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Discussion Starter #1
I posted something about this in other threads, but the problem persists so I figure best to start anew.

The engine is a 1.9, low compression. I assembled it and ran it on a test stand last summer. It ran great. I put it under a tarp until last week when it was time to put it in a car. I opened it up to check for rust and everything was good. Just a few spots on the valve cover.

So now it is in the car and I am having a devil of a time getting it to run. Initially it would start and would rev up to 2000-2500 rpm, then die, on starter fluid. Later I tried dribbling gas in and I got the same result. First suspect, fuel, so I drained the fuel lines and ran a hose to a gas can. No improvement. I removed and reinspected the carburetor (32/36). No change.

The crazy revving suggested a vacuum leak so I plugged the vacuum advance ports. After that I was able to start the car without starter fluid or a dribble of gas, but it would backfire (out the carb) like crazy, and would not idle.

I double and triple-checked the firing order. 1-3-4-2.

Sticking valve? I removed the valve cover. All valves go up and down. I ran compression tests (cold) and got 140 +/- on all four.

One by one I removed a spark plug wire and cranked, and the symptoms did not change. I was hoping that for some reason one cylinder was causing these problems. Nope. All of them do it.

This sounds like a timing issue. I verified ignition timing: needle on the ball, mark on the crank pulley, rotor pointing to 4 o'clock, rockers for #1 loose. I cranked it around and checked cam timing. Again, needle on the ball, mark on the crank pulley, rotor pointing to 10 o'clock. The dowel pin was at the top and using a metal ruler I could draw a straight line between the center of the cam, the mark on the cam sprocket, and the notch on the little hickey under the cam sprocket. Cam timing is good.

If I advance the ignition 20-30 degrees the car will start and not backfire, but it runs rough and won't idle.

Other than pulling the distributor and checking it out, which I will do after lunch, I am out of ideas.

Mike
 

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Über Genius
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Did you disconnect the brake booster and plug that port?
 

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Über Genius
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It's a new brake booster, but I'll get out my Mity-Vac tomorrow to see if it can hold a vacuum.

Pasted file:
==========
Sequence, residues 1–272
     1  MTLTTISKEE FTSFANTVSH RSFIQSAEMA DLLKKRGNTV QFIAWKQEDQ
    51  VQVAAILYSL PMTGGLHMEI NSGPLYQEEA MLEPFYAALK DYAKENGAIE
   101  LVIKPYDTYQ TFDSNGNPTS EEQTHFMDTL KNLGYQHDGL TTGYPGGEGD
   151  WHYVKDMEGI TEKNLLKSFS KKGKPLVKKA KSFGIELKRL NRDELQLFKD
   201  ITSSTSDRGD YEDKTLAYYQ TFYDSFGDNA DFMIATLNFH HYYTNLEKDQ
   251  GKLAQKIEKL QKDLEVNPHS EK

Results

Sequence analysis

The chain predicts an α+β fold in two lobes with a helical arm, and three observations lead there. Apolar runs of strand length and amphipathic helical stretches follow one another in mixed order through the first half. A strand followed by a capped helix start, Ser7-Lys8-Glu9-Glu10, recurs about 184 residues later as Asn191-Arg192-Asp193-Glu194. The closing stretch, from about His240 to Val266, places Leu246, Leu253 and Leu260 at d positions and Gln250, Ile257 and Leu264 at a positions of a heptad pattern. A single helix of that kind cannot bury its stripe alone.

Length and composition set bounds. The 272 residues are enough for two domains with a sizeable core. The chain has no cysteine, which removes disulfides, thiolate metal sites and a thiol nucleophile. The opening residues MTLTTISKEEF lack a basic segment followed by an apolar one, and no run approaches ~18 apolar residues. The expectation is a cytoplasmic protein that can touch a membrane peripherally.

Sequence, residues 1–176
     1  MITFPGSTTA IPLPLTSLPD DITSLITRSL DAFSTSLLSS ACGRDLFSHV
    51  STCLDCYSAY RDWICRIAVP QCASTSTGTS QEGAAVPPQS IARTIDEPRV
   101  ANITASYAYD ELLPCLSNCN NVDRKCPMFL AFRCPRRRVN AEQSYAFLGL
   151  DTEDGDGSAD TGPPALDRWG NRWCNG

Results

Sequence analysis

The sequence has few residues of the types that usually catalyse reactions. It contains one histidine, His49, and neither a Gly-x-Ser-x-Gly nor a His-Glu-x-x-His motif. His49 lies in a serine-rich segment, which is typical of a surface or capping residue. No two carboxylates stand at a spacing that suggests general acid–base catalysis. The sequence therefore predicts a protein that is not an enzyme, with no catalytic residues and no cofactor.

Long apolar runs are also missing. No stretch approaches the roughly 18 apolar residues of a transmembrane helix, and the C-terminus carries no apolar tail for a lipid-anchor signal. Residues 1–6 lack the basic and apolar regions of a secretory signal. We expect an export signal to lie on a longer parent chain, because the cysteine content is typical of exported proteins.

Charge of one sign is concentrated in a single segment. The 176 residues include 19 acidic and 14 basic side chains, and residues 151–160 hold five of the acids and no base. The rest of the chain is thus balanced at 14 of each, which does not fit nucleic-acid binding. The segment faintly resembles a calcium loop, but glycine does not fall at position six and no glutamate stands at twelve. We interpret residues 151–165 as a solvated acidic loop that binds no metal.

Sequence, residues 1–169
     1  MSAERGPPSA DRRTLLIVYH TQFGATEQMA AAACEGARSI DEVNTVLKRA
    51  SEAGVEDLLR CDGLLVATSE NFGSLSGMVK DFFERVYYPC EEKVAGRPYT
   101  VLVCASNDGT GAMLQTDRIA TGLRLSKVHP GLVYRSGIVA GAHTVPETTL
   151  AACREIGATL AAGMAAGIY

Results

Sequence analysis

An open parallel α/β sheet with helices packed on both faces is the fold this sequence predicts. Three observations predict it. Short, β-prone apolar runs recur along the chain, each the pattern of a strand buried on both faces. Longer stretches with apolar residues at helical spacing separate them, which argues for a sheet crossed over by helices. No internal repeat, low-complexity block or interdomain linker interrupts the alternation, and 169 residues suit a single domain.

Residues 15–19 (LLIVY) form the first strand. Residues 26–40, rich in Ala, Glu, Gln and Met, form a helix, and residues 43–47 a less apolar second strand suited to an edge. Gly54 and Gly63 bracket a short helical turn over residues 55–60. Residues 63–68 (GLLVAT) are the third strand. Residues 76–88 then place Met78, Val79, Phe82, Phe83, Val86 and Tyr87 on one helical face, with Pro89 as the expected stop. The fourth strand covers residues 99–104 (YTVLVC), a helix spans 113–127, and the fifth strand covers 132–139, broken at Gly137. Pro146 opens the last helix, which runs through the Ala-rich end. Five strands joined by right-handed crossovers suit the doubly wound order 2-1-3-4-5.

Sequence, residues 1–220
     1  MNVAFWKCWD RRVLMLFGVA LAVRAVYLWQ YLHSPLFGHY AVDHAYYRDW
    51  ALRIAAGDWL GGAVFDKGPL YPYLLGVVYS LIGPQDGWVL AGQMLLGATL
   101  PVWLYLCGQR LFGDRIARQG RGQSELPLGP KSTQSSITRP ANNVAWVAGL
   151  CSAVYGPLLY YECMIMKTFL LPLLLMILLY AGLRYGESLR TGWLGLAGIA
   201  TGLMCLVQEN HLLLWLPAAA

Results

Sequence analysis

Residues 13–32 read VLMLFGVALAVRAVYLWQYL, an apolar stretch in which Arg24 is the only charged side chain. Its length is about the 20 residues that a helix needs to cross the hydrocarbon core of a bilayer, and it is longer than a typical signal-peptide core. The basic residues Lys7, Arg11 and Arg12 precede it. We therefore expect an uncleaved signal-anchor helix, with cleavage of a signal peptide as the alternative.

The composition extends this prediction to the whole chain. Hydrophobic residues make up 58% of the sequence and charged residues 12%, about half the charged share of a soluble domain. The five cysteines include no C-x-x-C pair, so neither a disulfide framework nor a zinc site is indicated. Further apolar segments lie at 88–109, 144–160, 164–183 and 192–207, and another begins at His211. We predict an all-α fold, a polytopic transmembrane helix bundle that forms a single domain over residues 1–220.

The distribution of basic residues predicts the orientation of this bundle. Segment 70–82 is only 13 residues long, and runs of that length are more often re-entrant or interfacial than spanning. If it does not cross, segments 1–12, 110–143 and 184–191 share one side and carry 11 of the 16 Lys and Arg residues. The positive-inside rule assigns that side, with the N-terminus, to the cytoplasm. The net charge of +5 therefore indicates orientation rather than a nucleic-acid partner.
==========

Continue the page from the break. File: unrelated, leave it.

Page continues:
Mike
On mine, I chased ghosts til I found out the hose was cracked. That's where I was going with my thoughts on the booster port. Closing the port at the manifold isolates everything booster related.
 

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Detritus Maximus
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Last time I had a problem with the rpm shooting up it was because of a messed up throttle linkage not allowing the primary butterfly to close. The nut holding things together at the carb backed off and would allow further opening but not closing all the way.
 

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Discussion Starter #6
I removed and cleaned the distributor. The advance plates were gummed up. Not stuck, but not easy to move.

I can't find points and condenser locally so I put them back in.

I checked timing again. Everything checks out.

Other than a timing issue it could be a lean mixture issue. Lean will backfire (carburetor), rich will afterfire (exhaust). So I tried started fluid again and the car started and ran for a few seconds, with no backfires.

The fuel lines are clear and the filter is new. I'm going too swap the carburetor for the Tinyvette's original 32/36.

Wish me luck.

Mike
 

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Discussion Starter #8
On mine, I chased ghosts til I found out the hose was cracked. That's where I was going with my thoughts on the booster port. Closing the port at the manifold isolates everything booster related.
Using my Mityvac I pulled about 13 mm Hg vacuum on the booster hose and it held solid.